|Born||Vera Evseevna Slonim
January 5, 1902
|Died||April 7, 1991
Early life and immigration
Born Vera Evseevna Slonim in St. Petersburg into a Jewish family, she was the second of three sisters. Her father, who had studied law, was successful in the tile and timber businesses, among others. With the turmoil of the Russian Revolution, the family moved to Moscow, and after fleeing through Kiev, Odessa, Istanbul, and Sofia, arrived in Berlin, where they joined the large Russian émigré population.
Marriage to Nabokov
In Berlin her father co-founded a publishing firm, Orbis, and Vera worked in the office. There when Vladimir Nabokov was considering a project to translate Dostoyevsky in English, he met Véra's father, and he started playing chess with him. Véra admired Vladimir's poetry, which was well-known through émigré publications, and went to his readings. The details of the first meeting between Véra and Vladimir are uncertain; he maintained it was at a charity ball on May 8 (or 9), 1923, but she denied this story. Sometime after that date, the two had a long conversation overlooking a canal, at which Véra wore a mask and recited Vladimir's poetry. They were married on April 15, 1925. She ended her own budding career as a writer to support her husband as critic, reader, and typist, and sustained the family through her work as secretary and translator. Their son, Dmitri, was born on May 10, 1934.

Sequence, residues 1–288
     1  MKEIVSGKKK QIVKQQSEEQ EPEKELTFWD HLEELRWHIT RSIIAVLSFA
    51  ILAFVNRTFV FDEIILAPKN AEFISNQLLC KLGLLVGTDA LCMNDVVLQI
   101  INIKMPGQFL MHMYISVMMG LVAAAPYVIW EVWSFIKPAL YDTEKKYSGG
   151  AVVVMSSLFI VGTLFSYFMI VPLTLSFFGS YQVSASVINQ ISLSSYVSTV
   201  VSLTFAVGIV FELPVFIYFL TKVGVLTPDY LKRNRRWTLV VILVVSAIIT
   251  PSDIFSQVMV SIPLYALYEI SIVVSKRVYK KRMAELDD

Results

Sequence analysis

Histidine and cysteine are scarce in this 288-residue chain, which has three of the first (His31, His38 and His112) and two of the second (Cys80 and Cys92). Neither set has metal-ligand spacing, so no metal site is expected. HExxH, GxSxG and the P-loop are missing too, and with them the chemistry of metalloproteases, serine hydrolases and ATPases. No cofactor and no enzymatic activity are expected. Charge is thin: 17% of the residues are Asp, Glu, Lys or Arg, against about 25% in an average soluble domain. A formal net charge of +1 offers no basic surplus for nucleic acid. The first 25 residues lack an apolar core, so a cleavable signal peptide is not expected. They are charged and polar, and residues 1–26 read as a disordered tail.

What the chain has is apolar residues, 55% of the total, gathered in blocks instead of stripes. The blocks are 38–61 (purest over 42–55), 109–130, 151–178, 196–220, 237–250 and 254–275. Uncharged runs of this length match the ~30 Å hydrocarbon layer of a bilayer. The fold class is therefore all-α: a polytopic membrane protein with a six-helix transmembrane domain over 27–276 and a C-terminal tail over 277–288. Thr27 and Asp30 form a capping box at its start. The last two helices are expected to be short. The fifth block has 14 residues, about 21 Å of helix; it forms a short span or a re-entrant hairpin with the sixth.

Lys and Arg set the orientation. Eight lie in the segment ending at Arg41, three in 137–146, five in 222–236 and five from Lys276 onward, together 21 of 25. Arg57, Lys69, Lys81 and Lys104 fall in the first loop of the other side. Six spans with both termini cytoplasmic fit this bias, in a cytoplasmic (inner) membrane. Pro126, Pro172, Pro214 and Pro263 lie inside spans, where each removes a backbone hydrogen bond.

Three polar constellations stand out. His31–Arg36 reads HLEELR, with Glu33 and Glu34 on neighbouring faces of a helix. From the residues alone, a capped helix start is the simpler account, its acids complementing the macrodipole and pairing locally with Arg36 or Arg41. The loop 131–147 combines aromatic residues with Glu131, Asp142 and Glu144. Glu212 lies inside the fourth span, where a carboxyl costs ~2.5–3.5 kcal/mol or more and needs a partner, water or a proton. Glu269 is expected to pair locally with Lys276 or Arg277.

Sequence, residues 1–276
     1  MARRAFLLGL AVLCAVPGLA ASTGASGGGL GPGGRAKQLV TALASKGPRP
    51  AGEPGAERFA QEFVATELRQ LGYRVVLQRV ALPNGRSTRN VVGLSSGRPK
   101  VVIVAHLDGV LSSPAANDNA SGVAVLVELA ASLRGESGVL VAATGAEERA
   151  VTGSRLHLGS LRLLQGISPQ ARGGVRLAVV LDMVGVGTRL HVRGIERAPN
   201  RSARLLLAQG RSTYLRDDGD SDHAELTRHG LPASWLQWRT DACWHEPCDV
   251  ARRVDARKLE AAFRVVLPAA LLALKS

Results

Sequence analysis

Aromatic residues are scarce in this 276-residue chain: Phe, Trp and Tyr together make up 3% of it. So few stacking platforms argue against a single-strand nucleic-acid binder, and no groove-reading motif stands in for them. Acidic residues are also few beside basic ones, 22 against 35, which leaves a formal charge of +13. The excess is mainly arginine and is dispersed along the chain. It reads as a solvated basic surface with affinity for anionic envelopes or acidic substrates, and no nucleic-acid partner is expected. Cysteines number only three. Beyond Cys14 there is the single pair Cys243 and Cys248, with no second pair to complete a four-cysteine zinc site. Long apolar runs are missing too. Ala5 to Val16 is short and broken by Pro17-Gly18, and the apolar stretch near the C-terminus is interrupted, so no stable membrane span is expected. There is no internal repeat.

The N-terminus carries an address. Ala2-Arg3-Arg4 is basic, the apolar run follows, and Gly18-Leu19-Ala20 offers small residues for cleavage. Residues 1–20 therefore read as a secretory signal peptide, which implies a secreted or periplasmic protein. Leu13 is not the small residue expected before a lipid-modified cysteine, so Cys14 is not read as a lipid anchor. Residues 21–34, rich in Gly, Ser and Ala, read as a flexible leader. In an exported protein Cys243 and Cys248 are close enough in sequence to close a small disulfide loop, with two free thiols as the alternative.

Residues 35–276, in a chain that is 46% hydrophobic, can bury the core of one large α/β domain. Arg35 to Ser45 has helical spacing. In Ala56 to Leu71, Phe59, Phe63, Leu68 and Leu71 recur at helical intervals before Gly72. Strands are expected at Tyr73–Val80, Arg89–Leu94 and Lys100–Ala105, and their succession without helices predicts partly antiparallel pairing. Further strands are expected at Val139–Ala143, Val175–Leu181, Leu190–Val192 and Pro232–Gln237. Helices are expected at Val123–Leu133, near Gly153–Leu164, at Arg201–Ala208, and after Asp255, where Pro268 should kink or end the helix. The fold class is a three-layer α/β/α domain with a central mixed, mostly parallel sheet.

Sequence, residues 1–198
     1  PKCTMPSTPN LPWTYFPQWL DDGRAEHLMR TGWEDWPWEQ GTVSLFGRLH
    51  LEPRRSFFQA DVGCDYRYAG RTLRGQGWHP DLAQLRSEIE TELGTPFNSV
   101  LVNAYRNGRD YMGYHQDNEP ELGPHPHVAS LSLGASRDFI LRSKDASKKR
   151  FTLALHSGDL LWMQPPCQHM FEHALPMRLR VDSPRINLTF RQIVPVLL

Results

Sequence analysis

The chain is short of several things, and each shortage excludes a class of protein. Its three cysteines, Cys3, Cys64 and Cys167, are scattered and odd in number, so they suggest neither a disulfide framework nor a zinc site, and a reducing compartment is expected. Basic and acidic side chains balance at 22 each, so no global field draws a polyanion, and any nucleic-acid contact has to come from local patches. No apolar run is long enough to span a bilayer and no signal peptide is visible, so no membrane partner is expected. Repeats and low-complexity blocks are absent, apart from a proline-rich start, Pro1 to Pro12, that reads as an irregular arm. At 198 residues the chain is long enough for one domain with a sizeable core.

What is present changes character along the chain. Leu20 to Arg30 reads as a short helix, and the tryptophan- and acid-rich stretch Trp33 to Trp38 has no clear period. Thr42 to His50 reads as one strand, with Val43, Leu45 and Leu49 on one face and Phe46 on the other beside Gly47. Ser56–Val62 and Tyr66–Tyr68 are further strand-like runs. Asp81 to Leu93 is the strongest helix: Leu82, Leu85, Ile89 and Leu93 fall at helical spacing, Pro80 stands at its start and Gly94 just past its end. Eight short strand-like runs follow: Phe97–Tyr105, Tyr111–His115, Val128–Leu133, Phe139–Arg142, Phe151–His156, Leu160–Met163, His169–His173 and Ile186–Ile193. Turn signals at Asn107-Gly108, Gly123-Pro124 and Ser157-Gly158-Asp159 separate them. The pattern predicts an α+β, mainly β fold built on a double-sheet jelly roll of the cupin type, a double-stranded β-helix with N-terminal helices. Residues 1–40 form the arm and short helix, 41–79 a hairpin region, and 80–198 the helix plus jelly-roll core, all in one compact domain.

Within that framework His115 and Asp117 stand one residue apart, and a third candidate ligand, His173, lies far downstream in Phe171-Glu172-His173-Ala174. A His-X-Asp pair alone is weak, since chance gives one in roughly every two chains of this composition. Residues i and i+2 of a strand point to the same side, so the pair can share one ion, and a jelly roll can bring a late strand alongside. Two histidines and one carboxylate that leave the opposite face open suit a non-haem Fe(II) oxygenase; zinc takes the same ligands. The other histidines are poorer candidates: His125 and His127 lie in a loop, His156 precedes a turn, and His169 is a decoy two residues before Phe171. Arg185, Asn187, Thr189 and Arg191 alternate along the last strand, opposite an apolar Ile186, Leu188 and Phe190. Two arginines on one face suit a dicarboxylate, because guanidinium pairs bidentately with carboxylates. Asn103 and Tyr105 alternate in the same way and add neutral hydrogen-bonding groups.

After moving to the United States of America in 1940, she learned to drive and chauffeured her husband on many field trips, notably in the North American West, to hunt butterflies. To protect him she carried a handgun. Nabokov relied on her in his work and "would have been nowhere without her." During his lectures, she would sit at stage right while he spoke from a lecturn at stage left. She was his inspiration, editor, and first reader; all his works are dedicated to her. Lolita was saved by her from the flames more than once. However, personal letters pertaining to her and her marriage were destroyed.
Return to Europe and death
Upon the couple's return to Europe in 1960, she resided with her husband at the Montreux Palace Hotel where she continued to manage his affairs, and after his death in 1977, his estate. Upon his death, Vladimir had requested his final work, The Original of Laura, be burned, but neither Véra nor her son Dmitri could bring themselves to destroy the manuscript, and eventually it was published in 2009. In her late eighties, she translated Pale Fire into Russian. She stayed at the Palace until 1990, and died the following year at Vevey.
- At least by the 1950s, she signed letters with the "é" and omitting the final "a" that her surname would have in Russian. Schiff, Stacy (1999). Véra (Mrs. Vladimir Nabokov). Pan Books Ltd. p. 219. ISBN 0-330-37674-8. Retrieved 2012-02-23. Online extract at New York Times
- Stacy Schiff, Chapter 1
- Amis, Martin. Visiting Mrs Nabokov: And Other Excursions. pages 115-118. Penguin Books (1993) printed 1994. ISBN 0-14-023858-1
- Stacy Schiff, pp. 5–6
- Stacy Schiff, p. xii
- Personal observation by student of Nabokov at Cornell University
- PBS Online NewsHour
- Woman behind 'Lolita': Nabokov's wife, Véra, was muse, editor and selfless partner